Doctors and other people sometimes say:

  • “I don’t see articles on vitamins in my professional journals.” 
  • “The research is simply not there.”
  • “Claims of nutrient efficacy and safety are not proven.”
  • “Many studies are published in little known and less respected journals.”
  • “I’ve never seen any studies supporting efficacy of nutrients.”

A  study from Wake Forest University illustrates the very obvious reasons for these uninformed opinions.

After reviewing eleven major medical journals including:

Not surprisingly, the journals with the most pharma ads published significantly fewer major articles about Dietary Supplements per issue than journals with the fewest pharma ads (P < 0.01).


Journals with the most pharma ads published no clinical trials or cohort studies about Dietary Supplements.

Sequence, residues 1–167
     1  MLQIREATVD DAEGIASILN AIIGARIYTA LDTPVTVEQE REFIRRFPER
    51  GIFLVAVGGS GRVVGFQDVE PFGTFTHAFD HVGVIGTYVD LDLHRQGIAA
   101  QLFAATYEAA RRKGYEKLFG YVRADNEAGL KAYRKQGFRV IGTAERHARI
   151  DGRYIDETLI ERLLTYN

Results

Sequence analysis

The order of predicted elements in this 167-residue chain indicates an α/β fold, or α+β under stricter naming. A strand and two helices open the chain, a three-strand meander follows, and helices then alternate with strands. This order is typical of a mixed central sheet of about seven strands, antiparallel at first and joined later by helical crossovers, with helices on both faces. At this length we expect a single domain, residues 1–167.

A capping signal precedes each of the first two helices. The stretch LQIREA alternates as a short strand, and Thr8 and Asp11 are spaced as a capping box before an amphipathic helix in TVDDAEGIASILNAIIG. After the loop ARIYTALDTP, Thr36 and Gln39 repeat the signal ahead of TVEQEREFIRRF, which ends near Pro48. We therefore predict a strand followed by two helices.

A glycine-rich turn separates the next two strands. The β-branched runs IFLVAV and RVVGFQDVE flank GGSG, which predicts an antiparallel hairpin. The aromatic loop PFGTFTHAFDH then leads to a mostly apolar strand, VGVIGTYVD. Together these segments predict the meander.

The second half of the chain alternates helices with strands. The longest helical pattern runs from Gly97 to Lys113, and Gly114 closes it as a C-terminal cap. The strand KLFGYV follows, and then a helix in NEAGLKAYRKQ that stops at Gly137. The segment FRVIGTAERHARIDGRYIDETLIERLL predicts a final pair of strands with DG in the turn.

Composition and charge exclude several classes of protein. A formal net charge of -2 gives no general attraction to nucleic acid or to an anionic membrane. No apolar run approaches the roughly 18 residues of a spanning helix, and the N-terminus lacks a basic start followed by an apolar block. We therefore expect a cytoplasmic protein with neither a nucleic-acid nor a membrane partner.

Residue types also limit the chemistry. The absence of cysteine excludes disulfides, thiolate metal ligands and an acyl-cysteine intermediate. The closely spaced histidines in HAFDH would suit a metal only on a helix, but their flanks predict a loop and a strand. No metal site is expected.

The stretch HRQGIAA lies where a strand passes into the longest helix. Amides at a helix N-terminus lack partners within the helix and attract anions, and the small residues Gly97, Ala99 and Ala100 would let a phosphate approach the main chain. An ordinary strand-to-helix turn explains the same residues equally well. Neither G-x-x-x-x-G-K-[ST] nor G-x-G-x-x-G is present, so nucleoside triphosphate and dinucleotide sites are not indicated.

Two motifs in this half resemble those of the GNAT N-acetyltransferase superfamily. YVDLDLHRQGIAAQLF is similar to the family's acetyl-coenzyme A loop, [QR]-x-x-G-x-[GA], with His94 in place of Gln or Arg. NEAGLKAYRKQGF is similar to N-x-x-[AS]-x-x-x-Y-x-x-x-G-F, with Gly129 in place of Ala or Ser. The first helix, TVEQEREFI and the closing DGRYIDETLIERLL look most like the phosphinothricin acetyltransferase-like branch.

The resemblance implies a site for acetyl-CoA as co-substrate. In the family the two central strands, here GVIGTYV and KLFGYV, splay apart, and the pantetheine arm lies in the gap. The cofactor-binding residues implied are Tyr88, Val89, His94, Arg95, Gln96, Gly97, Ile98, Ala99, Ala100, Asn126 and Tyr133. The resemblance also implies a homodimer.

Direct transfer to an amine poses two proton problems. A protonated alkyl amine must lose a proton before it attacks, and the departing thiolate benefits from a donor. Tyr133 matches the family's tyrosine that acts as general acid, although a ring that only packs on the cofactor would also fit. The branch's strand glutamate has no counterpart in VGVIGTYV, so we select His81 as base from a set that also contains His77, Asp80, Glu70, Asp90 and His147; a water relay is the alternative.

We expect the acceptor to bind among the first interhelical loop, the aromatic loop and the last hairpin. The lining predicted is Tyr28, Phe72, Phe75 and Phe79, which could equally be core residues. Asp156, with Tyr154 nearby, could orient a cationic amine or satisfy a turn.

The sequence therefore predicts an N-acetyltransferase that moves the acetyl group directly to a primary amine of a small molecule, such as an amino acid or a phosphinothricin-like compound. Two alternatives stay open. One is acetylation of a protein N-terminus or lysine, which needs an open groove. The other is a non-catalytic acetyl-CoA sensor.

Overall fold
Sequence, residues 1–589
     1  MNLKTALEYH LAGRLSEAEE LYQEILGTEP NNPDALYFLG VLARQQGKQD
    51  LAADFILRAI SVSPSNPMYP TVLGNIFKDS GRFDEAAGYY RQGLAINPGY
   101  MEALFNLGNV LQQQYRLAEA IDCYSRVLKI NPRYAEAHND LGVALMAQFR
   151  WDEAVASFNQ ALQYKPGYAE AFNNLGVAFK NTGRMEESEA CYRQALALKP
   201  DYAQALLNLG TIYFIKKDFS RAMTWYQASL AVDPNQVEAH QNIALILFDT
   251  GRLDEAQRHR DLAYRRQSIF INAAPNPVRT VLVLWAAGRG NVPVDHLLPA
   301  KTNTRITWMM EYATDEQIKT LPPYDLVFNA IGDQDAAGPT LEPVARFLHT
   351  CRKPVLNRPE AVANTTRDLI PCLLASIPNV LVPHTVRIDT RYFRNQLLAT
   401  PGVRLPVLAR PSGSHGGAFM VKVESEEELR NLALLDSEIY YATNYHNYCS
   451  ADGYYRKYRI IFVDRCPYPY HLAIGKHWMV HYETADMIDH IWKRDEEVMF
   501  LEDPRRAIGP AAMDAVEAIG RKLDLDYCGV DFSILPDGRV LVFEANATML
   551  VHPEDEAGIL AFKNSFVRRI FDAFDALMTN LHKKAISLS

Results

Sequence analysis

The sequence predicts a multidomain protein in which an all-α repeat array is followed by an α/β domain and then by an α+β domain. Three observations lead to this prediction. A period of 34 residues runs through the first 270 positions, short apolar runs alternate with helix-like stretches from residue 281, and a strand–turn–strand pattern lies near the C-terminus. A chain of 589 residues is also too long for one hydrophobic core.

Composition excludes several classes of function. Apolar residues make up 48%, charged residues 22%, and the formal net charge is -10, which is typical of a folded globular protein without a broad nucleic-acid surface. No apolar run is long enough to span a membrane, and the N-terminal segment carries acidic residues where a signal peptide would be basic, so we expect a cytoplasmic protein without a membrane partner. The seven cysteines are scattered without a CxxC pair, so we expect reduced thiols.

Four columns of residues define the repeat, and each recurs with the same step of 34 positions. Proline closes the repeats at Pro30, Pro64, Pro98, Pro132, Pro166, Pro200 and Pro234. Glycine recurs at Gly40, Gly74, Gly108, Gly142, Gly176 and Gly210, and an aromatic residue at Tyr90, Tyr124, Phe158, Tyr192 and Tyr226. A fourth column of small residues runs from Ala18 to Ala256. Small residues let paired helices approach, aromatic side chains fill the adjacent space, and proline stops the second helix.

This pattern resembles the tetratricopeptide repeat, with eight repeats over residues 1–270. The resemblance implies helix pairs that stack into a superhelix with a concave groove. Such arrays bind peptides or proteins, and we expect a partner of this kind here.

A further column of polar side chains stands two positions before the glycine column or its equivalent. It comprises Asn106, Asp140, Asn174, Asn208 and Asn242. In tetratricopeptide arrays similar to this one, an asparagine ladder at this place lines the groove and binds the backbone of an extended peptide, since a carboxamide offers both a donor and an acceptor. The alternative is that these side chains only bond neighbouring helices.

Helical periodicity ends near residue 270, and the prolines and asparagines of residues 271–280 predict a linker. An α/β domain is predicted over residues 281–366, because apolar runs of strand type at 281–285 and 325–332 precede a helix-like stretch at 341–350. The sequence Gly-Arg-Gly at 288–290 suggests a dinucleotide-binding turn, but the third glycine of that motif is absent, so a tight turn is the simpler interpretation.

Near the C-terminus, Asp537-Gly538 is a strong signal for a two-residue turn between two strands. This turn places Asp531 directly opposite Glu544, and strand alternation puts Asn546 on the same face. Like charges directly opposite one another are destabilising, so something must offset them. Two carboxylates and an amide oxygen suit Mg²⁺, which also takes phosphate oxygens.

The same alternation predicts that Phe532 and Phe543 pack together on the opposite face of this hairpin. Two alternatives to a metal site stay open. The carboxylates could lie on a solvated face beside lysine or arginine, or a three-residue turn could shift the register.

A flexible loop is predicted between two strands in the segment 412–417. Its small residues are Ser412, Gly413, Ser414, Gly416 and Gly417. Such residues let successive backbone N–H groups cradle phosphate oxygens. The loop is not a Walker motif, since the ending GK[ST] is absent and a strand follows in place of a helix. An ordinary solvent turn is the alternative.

The percentage of major articles concluding that Dietary Supplements were unsafe was 4% in journals with fewest and 67% among those with the most pharma ads (P = 0.02).

The percentage of articles concluding that Dietary Supplements  were ineffective was 50% higher among journals with more than among those with fewer pharma ads (P = 0.4).


These data are consistent with the hypothesis that increased pharmaceutical advertising is associated with publishing fewer articles about Dietary Supplements and publishing more articles with conclusions that Dietary Supplements are unsafe.

Additional research is needed to test alternative hypotheses for these findings in a larger sample of more diverse journals.


Thanks to Robert Greene for circulating the work of:
BMC Complement Altern Med. 2008; 8: 11.
Published online 2008 April 9. doi: 10.1186/1472-6882-8-11

PMCID: PMC2322947
Copyright © 2008 Kemper and Hood; licensee BioMed Central Ltd.